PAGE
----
Thursday, December 5, 2013

Gentlemen Prefer Blondes (1953)

Gentlemen Prefer BlondesWhile it will never compete with the likes of SINGIN' IN THE RAIN, GIGI, or MEET ME IN ST. LOUIS, this 1953 confection is nonetheless a real charmer. Based on a popular Broadway show which was itself based on the famous novel by Anita Loos, GENTLEMEN PREFER BLONDES tells the story of two cabaret performers--blonde bombshell Loreli Lee, who is determined to marry for money, and brunette beauty Dorothy Shaw, who prefers to marry for love. When Loreli's engagement to a millionaire's son goes awry, the two set sail for Europe, and comic complications ensue. The story is traditional fluff, pure and simple, and there is nothing in the least innovative or unexpected about the film as a whole--but it is all extremely, extremely well done.

The score is bright, including such tunes as the famous "Diamonds Are A Girl's Best Friend"--and all the musical numbers are cleverly staged and filmed. The overall look of the film is also eye popping: the ladies are dressed to perfection and the color cinematography is truly joyous. The script is full of comfortable wit, director Hawks keeps it moving at a nice clip, and the cast includes such enjoyable performers as Charles Coburn, Tommy Noonan, Norma Varden, and George Winslow. But what really makes the film memorable are Marilyn Monroe and Jane Russell, who simply sparkle with star quality and play their with roles in a twinkle-in-the-eye style.

Monroe and Russell have remarkable chemistry on screen, and although neither were really singers they each had enjoyable and very distinctive singing voices; their performances are so pleasantly amusing that you can't help but smile. Both also had a way with comedy, with Monroe offering her quintessential 'not so dumb blonde' and Russell matching her all the way as the wise-to-you brunette determined to keep Monroe out of trouble. And so well do they work together it is hard to pick a favorite between the two. Call it fluff, froth, foolish--but even jeweler Harry Winston couldn't refuse this good time, even at the risk of a diamond or two. Thoroughly enjoyable for any one still capable of a smile.

Arguably, along with the 'Seven Year Itch', this lighthearted 50's musical comedy is the most definitive 'Marilyn' film. In particular for her memorable 'Diamonds are a Girls Best Friend' number, so adorable in its (and her)innocent mocking self parody and brought to life again several decades later in Madonna's, 80's' Material Girl' Video.

This pairing of 'Monroe' and 'Russell' as two voluptuous show girls from 'Little Rock'" in search of fun and a man or two on their way to Paris aboard a cruise ship, is pure Hollywood sugar coated entertainment and escapism.

Marilyne is just so funny and cute as the wide eyed, but gold digging, 'Lorelei', the supposed 'Dumb Blonde' who knows what she wants however, and why. In suitable contrast Jane Russell plays 'Dorothy' the more serious, switched on and streetwise Brunette. Who on the other hand, lets her heart(rather than her bank acccount)rule her head when it comes to men and plays a kind of big sister role to her more naive, but materialistic focused compatriot.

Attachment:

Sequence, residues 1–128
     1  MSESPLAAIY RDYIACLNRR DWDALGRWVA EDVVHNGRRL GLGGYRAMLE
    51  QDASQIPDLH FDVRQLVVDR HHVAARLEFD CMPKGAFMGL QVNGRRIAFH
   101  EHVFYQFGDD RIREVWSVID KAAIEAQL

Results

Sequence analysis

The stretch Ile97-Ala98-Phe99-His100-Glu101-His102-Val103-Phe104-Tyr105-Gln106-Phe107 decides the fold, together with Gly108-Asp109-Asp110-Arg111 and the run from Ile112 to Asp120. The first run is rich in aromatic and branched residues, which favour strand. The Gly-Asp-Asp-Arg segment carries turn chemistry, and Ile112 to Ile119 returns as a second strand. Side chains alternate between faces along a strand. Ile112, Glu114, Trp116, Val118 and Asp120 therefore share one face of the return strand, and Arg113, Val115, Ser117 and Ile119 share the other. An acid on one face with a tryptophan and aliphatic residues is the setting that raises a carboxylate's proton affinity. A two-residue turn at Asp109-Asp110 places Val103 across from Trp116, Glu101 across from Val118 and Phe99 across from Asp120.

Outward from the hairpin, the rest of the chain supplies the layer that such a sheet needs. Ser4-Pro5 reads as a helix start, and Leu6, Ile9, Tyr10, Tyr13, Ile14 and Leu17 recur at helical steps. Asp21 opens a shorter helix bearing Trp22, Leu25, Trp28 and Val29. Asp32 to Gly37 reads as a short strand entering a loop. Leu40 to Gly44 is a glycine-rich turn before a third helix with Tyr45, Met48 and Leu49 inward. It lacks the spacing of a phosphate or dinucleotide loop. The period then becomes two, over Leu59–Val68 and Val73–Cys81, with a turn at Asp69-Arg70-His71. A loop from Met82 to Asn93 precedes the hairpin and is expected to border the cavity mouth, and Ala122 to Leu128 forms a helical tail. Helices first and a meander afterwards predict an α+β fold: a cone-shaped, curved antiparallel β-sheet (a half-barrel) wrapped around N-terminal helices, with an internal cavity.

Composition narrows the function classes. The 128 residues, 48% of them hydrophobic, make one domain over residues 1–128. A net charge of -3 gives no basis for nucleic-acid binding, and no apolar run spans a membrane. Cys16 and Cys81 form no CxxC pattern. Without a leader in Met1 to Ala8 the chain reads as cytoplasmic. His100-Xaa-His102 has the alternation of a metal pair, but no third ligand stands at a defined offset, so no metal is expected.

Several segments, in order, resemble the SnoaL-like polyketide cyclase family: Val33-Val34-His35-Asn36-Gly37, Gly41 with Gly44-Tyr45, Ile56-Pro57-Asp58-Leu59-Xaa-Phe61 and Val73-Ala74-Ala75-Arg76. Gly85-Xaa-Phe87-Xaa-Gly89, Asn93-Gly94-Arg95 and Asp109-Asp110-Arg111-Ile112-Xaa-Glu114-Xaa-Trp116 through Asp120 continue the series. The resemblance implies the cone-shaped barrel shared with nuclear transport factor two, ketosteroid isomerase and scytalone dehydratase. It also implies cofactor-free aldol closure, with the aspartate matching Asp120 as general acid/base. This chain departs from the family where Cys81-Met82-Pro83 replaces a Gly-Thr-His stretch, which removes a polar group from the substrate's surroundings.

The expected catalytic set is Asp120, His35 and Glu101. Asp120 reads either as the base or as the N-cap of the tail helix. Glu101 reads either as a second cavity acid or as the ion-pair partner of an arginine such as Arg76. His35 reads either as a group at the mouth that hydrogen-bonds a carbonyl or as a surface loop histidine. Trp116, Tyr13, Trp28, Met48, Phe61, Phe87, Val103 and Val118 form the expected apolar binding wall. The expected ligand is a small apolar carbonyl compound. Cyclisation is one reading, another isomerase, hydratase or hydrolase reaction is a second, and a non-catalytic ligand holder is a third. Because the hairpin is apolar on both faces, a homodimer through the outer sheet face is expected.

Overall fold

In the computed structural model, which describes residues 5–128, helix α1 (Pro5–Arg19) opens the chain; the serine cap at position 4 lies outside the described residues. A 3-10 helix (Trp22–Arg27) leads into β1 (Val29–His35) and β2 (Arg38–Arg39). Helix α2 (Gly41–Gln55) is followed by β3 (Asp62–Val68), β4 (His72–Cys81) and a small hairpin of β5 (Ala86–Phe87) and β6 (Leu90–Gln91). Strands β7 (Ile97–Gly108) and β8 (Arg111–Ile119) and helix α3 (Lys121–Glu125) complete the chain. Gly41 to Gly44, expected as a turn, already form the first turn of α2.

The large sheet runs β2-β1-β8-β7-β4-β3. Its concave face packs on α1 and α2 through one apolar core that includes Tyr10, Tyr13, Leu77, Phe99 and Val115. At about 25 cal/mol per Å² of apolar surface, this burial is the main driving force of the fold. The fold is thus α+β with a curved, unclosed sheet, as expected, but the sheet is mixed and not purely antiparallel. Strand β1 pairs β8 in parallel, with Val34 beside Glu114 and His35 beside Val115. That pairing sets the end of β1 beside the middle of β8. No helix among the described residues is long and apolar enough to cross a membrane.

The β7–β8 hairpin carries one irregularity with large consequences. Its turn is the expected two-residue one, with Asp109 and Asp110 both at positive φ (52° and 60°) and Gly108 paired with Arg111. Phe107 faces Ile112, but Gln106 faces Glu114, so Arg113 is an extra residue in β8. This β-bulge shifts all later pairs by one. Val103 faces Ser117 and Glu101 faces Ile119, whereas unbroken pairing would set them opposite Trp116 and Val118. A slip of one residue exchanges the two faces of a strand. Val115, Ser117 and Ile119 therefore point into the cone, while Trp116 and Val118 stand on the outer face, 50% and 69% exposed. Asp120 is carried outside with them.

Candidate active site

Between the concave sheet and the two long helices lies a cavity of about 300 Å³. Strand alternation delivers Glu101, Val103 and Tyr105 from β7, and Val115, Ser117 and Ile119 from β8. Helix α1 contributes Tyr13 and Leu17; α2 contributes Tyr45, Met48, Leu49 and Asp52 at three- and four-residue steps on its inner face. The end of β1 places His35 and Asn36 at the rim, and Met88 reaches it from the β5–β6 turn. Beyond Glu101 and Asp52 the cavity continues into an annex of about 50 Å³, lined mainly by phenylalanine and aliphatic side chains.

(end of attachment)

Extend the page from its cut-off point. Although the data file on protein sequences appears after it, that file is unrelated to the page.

Though it may be said that for the most part 'Russell' is somewhat eclipsed by the 'platinum' ultra luminous presence of the 'eternal woman-child' Ms Monroe. She undoubtedly brings a lot of energy to the role, and the camaraderie and chemistry they deliver as a pair contribute much to the films charm and success.

There are several very entertaining 'showgirl' type musical numbers throughout. But I confess I enjoy Marilyn's ditzy remarks, balanced by a her cunningly disguised 'knowingness' the most. Sooo cute when she refers to the ship's portals as 'round windows' and innocently tries on a diamond tiara around her neck. Then, at the end justifies and explains her money driven ways to her finance's contemtuous Father,in the most surprisingly clever way. Pure 'Marilyn' in all her pure, unique celluloid magic!

Buy Gentlemen Prefer Blondes (1953) Now

A kiss on the hand

May be quite continental,

But diamonds are a girl's best friend.

A kiss may be grand

But it won't pay the rental

On your humble flat

Or help you at the automat.

Men grow cold

As girls grow old,

And we all lose our charms in the end.

But square-cut or pear-shaped,

These rocks don't loose their shape.

Diamonds are a girl's best friend.



Black Starr!

Frost Gorham!

Talk to me Harry Winston.

Tell me all about it!

There may come a time

When a lass needs a lawyer,

But diamonds are a girl's best friend.

There may come a time

When a hard-boiled employer

Thinks you're awful nice,

But get that ice or else no dice.

He's your guy

When stocks are high,

But beware when they start to descend.

It's then that those louses

Go back to their spouses.

Diamonds are a girl's best friend.

Gentlemen Prefer Blondes gave Marilyn Monroe and Jane Russell the perfect opportunity to showcase their numerous talents. They sing beautiful numbers including "(We're Just) Two Little Girls From Little Rock;" "Bye Bye Baby;" "Ain't There Anyone Here For Love" and "Diamonds Are A Girl's Best Friend." When Marilyn and Jane dance to some of these numbers their beauty and talent strike the viewer as incredible. Tommy Noonan turns in a strong and convincing performance as Gus Esmond, the American man who wants to marry Lorelei, who is played by Marilyn Monroe. Charles Coburn and Norma Varden perform as Sir Francis 'Piggy' Beekman and Lady Beekman, super rich people who got their wealth from diamond mining in South Africa. The crisp, clear color reflects the hard work to restore this movie and the sound is excellent, too! Jule Styne and Leo Robin provide wonderful music and lyrics for the classic songs in this picture.